Mort Sahl, a Jewish satirist who was credited with making caustic political and social satire popular in stand-up comedy, died Tuesday at 94.
Often walking on stage holding just a rolled up newspaper, Sahl liked to riff on the headlines of the day in extended improvised monologues. At a time when comedians tended to steer clear of politics, Sahl took aim at politicians and was known to end his sets with the line: “Are there any groups I haven’t offended?”
Steve Allen, the first host of “The Tonight Show,” once introduced Sahl as “probably the only real political philosopher we have in modern comedy.”
Though Sahl was not religious and did not discuss his Jewishness in routines or often in public, he inspired a wave of fellow Jewish stand-ups. Woody Allen named him as a major influence and commented in interviews how Sahl also influenced the fellow Jewish pioneer Lenny Bruce — who would take Sahl’s freeform style and cutting satire to crude new heights.
Sahl was born in Montreal in 1927 to Jewish parents from New York’s Lower East Side and eventually moved to Los Angeles. As a teenager, Sahl dropped out of high school there and tried to enrol in the ROTC program by lying about his age, but his mother found him out after two weeks and brought him home. Sahl was married three times and a had a son, Mort Jr., with his second wife. Mort Jr., died of a drug overdose at age 19 in 1996.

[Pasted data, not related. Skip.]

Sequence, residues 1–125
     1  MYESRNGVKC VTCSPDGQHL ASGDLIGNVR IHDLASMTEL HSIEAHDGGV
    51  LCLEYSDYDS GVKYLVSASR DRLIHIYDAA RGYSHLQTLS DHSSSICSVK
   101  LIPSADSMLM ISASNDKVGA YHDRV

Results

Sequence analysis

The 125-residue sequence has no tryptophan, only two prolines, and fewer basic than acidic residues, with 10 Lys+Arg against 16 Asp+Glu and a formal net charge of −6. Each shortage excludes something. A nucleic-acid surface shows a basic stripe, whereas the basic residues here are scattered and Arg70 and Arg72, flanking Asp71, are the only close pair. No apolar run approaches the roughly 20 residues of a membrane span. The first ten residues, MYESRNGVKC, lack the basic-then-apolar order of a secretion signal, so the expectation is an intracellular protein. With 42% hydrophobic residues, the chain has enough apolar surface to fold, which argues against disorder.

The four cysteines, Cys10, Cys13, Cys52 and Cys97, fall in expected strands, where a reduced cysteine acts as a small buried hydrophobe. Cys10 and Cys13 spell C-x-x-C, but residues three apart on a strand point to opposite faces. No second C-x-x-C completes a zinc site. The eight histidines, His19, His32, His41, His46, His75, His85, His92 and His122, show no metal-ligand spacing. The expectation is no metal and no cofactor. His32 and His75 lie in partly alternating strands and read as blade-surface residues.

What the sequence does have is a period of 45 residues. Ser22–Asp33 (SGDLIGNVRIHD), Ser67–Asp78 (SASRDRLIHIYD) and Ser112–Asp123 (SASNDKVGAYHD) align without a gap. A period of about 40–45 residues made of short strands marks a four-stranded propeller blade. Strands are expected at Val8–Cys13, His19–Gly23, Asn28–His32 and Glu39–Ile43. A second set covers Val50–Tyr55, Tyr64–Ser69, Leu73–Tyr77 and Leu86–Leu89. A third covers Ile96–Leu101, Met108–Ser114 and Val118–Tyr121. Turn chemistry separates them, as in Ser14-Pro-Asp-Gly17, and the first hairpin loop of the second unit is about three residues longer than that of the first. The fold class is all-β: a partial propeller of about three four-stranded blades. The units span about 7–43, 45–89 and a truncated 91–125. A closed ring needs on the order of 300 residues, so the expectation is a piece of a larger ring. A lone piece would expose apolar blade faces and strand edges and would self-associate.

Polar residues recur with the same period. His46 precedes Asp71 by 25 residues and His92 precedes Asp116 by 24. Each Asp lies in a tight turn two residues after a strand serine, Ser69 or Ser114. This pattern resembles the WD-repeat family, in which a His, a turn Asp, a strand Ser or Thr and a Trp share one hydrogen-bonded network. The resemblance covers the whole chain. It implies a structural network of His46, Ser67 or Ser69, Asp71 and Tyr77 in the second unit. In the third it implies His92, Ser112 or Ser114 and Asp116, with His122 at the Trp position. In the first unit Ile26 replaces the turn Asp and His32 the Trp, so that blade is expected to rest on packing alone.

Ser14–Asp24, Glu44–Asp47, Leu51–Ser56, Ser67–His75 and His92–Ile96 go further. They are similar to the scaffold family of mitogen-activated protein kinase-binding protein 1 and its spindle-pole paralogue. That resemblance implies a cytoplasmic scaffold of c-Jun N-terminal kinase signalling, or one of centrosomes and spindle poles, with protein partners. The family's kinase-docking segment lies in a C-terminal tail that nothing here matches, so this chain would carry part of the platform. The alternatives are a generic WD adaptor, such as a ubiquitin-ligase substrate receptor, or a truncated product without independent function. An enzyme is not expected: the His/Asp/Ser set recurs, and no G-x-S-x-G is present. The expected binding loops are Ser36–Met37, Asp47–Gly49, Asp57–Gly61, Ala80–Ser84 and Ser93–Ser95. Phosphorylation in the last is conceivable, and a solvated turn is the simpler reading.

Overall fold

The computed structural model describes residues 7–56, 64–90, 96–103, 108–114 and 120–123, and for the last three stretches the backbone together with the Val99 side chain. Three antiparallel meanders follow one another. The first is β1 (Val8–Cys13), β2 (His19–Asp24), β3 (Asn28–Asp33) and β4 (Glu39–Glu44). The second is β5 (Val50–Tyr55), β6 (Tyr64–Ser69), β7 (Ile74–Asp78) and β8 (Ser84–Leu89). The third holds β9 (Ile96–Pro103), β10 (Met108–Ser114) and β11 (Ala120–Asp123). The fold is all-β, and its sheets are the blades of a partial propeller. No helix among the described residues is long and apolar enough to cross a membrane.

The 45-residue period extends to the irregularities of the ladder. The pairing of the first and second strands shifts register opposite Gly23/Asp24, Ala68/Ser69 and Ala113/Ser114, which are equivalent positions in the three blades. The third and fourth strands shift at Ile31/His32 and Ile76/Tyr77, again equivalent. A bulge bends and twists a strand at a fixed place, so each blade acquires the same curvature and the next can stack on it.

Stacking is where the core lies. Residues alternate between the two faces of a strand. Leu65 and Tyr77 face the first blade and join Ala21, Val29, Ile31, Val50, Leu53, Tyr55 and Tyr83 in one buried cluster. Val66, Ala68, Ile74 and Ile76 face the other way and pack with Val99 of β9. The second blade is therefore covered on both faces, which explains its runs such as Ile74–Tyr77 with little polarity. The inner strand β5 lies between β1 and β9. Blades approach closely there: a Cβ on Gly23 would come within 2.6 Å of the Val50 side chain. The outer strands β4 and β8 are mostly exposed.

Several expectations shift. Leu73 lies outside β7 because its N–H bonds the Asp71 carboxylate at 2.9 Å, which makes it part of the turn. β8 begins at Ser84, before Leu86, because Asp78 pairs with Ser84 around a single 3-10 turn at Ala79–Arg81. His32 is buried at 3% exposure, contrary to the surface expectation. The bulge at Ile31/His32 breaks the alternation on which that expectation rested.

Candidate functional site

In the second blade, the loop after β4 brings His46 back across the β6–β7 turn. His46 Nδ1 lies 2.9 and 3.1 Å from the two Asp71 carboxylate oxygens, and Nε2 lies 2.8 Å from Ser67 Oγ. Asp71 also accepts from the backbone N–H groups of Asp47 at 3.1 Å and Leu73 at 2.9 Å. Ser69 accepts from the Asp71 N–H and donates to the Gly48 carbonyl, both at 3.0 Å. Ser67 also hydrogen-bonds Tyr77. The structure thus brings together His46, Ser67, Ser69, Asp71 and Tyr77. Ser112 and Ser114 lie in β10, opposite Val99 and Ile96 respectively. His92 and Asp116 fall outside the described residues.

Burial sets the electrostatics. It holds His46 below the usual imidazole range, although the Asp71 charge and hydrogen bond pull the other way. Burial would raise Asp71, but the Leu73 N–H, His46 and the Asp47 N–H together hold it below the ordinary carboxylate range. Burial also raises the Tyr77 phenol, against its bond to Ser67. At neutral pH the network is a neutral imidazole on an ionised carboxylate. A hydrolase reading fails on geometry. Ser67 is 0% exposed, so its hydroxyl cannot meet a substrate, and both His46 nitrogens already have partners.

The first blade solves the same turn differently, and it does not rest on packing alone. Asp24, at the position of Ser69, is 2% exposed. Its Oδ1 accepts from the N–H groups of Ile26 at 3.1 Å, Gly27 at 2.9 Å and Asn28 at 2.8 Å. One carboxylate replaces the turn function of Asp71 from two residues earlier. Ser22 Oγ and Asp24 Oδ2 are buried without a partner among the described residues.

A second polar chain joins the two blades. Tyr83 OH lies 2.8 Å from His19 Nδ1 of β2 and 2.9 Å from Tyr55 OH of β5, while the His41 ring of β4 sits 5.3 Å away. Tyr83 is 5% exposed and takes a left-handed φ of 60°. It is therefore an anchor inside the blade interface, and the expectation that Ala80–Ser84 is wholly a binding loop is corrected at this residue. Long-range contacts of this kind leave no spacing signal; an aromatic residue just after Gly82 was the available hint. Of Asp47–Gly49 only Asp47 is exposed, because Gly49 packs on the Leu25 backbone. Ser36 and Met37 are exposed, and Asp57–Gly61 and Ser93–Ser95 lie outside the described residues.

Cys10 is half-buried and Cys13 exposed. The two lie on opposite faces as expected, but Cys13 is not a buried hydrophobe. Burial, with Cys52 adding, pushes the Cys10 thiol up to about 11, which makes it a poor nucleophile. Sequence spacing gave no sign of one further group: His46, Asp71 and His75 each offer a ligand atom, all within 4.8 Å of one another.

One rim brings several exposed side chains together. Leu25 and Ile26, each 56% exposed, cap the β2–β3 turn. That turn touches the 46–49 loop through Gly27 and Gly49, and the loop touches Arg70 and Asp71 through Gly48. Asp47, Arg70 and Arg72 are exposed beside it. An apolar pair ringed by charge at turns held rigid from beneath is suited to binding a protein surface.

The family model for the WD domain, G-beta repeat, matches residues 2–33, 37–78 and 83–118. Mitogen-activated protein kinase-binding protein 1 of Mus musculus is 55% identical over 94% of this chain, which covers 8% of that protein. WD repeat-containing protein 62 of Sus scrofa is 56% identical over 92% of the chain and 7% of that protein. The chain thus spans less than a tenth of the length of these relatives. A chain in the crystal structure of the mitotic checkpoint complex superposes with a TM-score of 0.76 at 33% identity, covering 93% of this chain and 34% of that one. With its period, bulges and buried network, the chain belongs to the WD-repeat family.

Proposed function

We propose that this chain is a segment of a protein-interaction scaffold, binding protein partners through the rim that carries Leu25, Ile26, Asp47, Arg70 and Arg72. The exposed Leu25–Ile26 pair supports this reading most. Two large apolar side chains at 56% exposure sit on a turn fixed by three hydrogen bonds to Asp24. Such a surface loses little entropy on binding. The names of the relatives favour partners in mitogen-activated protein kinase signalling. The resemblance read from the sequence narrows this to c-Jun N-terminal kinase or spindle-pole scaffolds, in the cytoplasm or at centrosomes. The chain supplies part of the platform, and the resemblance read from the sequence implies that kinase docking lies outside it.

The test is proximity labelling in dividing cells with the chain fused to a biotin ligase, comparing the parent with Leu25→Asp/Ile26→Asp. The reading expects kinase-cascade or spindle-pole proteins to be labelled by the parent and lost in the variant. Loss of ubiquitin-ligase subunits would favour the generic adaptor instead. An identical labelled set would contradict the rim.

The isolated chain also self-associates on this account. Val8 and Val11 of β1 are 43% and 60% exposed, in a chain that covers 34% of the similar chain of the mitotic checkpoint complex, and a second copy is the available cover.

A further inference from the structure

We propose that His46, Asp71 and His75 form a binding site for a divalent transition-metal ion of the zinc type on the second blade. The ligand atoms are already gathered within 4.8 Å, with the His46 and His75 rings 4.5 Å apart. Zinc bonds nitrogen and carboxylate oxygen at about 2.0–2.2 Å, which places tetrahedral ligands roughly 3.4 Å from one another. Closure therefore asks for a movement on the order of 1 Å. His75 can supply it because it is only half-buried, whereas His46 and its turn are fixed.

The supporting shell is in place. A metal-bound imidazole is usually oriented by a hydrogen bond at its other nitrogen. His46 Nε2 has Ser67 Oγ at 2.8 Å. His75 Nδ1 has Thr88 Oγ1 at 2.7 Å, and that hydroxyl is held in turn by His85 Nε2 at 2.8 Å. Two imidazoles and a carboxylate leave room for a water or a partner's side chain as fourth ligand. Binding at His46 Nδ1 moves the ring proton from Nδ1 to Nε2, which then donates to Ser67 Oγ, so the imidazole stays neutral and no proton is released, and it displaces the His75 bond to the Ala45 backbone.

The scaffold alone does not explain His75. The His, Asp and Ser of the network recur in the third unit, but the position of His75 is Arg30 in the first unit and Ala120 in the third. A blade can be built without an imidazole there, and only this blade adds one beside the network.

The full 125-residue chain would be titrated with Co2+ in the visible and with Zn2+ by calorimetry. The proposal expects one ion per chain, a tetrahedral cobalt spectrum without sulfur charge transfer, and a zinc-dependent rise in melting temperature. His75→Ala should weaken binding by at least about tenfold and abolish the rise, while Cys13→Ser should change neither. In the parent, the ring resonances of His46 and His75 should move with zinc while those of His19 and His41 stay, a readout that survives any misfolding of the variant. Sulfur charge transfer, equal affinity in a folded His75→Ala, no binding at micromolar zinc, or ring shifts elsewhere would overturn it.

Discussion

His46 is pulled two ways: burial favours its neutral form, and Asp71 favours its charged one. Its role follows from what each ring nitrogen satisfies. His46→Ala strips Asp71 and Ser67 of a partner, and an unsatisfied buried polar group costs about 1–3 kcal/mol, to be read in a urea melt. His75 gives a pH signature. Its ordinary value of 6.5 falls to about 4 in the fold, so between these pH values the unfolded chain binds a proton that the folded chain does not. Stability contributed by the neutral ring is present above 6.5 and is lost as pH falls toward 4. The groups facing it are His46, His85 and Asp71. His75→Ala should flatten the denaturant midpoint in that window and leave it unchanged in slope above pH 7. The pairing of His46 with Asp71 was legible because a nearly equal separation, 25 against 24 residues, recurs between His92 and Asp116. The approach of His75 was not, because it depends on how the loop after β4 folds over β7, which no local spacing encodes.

The elder Sahl got his break performing in San Francisco years after graduating from college, performing sets at a club known for attracting an intellectual crowd. His jokes about national politics eventually earned him a following and he started appearing on late night shows and performing in clubs across the country.
After appearing in several movies in the 1950s and early ’60s, his career took a dive after the assassination of John F. Kennedy in 1963, which Sahl came to believe had been orchestrated by the CIA. But he continued to act and perform stand-up into his 90s.
In 1982, Sahl played the role of Werner Finck, a German-Jewish satirist, in a 5-hour TV special. In 2003, the National Foundation for Jewish Culture honoured Sahl with the Alan King Award in American Jewish Humour.
But Sahl explained to J. The Jewish News of Northern California in 2004 that he never emphasised his Jewishness on stage because it wasn’t a major part of his upbringing.
“I never stressed it,” he says, “because I didn’t have those kinds of parents. I grew up in a homogenised neighbourhood, and was a kind of a mail-order, cardboard Jew.”
Speaking with the paper not long after the premiere of Mel Gibson’s “Passion of the Christ,” Sahl opined on the movie and antisemitism.
“Terrible movie,” he said. “Two hours of unrelieved sadism. But the Romans are nice! I think everyone’s second nature is anti-Semitism, so all the anxiety [over the film] is justified.”
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